USAID Economic Policy Dialogue Holds Capacity Training for Liberia’s Cocoa Value Chain

MONROVIA — The Liberia Economic Policy Dialogue Activity has begun a four-day training workshop for key civil society organizations in Monrovia.

Funded by the United States Agency for International Development (USAID), the training which is led by the Accra base African Center for Economic Transformation (ACET), seeks to augment technical skills of select local CSOs to help overcome binding constraints on the growth of Liberia’s cocoa value chain.

The local CSOs include the Center for Democratic Governance, Institute of Research and Democratic Development and the Center for Policy Action Research (CePAR).

Organizers say the objective of the workshop is to identity and learn about appropriate approaches to designing research, conducting field research, and analysis, as well as well as implementing strategies with the partner CSOs and other stakeholders.

Delivering the keynote address during the opening of the workshop in Monrovia Tuesday, Senator Jim W. Tornonlah, the chairman of the Senate’s committee on Agriculture, Fisheries and Forestry said Liberia’s cocoa sector is key and could lift hundreds out of poverty when harnessed in acceptable ways.

“Clearly Liberia has challenges, food insecurity, mismanagement of the agriculture sector and you know nations that cannot feed themselves cannot develop easily” he said

Senator Tornolah believes the major stumbling block to the progress of the cocoa sector in Liberia is the acute lack of access to finance couple with plenty of regulations that are yet to be structured into law.

“In the 80s, the sector was bolstering but there are no more funding for small cocoa farmers to get loans”  warning “ the sector is struggling and will continue to struggle due to lack of finance”.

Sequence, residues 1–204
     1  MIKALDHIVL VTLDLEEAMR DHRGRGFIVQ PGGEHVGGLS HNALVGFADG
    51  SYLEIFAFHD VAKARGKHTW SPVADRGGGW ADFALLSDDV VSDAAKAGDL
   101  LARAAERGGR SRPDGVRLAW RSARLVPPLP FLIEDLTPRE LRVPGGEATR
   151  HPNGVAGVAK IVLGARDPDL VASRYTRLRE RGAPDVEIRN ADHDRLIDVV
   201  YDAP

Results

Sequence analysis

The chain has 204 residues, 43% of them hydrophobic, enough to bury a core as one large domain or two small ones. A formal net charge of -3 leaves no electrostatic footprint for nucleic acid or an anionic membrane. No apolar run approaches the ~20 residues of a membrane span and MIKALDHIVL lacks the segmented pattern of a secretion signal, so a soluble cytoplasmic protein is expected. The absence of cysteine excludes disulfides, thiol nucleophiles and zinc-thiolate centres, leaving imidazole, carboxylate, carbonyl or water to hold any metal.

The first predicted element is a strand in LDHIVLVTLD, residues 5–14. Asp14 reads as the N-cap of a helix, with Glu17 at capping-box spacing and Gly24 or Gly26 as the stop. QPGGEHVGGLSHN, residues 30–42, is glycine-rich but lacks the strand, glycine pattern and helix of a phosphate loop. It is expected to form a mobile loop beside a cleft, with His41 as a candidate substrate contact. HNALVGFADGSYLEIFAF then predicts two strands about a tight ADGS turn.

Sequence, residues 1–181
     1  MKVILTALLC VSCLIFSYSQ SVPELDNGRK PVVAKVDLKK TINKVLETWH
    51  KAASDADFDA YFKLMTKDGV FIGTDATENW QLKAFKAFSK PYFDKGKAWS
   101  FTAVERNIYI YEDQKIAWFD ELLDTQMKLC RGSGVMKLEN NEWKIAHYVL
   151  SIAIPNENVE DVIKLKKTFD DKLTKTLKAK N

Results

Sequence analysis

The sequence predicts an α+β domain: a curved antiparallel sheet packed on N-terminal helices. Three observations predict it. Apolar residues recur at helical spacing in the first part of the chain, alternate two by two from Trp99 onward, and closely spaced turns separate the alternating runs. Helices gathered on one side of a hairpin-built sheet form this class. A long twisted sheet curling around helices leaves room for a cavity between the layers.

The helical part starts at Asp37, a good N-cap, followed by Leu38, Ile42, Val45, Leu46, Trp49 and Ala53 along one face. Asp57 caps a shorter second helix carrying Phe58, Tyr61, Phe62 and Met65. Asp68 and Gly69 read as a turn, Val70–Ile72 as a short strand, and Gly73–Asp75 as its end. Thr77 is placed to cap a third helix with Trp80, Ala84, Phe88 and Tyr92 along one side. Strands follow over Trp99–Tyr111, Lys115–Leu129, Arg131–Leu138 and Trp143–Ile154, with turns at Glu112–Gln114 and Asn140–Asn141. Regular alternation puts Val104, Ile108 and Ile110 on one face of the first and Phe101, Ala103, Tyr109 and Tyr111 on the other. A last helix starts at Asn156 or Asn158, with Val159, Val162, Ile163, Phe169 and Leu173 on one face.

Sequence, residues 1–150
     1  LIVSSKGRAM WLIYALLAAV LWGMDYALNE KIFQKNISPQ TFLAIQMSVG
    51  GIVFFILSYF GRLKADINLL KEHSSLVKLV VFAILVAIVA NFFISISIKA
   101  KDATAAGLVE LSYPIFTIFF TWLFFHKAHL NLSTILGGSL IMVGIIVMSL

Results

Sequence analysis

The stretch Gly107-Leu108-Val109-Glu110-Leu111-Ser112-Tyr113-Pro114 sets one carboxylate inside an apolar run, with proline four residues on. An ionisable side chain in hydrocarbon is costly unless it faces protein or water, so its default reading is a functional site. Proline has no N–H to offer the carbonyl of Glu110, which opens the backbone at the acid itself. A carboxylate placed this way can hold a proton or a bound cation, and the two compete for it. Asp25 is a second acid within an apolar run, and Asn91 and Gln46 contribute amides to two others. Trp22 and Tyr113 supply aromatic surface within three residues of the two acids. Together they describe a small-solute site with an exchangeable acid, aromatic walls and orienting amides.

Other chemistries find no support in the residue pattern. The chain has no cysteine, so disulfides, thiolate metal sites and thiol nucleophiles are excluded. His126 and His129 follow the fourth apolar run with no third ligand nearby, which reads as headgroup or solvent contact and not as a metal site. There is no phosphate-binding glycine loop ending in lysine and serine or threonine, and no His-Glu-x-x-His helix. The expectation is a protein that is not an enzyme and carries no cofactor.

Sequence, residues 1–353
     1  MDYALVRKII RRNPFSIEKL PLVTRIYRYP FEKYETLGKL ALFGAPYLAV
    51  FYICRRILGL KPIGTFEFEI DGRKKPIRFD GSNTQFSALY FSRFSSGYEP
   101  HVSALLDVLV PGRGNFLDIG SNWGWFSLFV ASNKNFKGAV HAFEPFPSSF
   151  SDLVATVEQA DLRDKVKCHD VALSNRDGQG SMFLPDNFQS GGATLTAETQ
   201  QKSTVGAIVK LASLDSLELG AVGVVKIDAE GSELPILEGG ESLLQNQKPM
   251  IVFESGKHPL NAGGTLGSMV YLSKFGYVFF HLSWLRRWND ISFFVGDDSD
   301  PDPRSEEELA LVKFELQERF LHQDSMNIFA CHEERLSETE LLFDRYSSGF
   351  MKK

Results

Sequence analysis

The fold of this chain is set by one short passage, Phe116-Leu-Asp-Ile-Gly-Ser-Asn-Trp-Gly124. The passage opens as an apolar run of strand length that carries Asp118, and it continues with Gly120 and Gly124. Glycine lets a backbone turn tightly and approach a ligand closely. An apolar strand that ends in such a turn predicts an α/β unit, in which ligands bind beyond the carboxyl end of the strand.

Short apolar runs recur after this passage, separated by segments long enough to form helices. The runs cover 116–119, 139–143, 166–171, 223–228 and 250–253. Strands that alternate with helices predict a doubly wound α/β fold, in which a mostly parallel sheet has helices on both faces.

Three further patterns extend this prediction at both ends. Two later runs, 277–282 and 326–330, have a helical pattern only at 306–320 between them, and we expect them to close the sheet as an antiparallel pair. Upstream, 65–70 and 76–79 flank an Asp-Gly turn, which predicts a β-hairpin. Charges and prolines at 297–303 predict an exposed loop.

The Margibi County Senator meanwhile, disclosed that the Senate Committee on Agriculture, Fisheries and Forestry is contemplating on a lot including a proposed joint agriculture meeting to review policies in the sector and develop them into laws.

The Liberia Economic Policy Dialogue activity is a USAID funded four-year technical assistance, capacity development, and grants project with a focus on fostering self-reliance by spurring private sector-led economic expansion in Liberia.

This week’s training workshop under the project specifically targets gender mainstreaming, value chain, political economy and political analysis, communication audit and visibility strategy, as well as data collection approaches.  

Liberia Agriculture Commodity Regulatory Authority (LACRA) Deputy Director General for Administration and Finance Roland K Mendscole in remarks at the opening of the training expressed frustration over “inadequate support” which he said is impeding expansion of the cocoa sector and rendering LACRA ineffective to monitor.

“Inadequate support to LACRA is impeding the sector and we are unable to execute regulatory governance thereby allowing people to engage into illicit cocoa trade across the country”

“Without regulatory framework we all will continue to be lingering in the sector,” he warned.

Mr. Mebdscole said that LACRA is grateful to the USADI for supporting such capacity extension initiative, but stressed that more funding is needed to strengthen small holder cocoa farmers who are willing to deliver economic prosperity.

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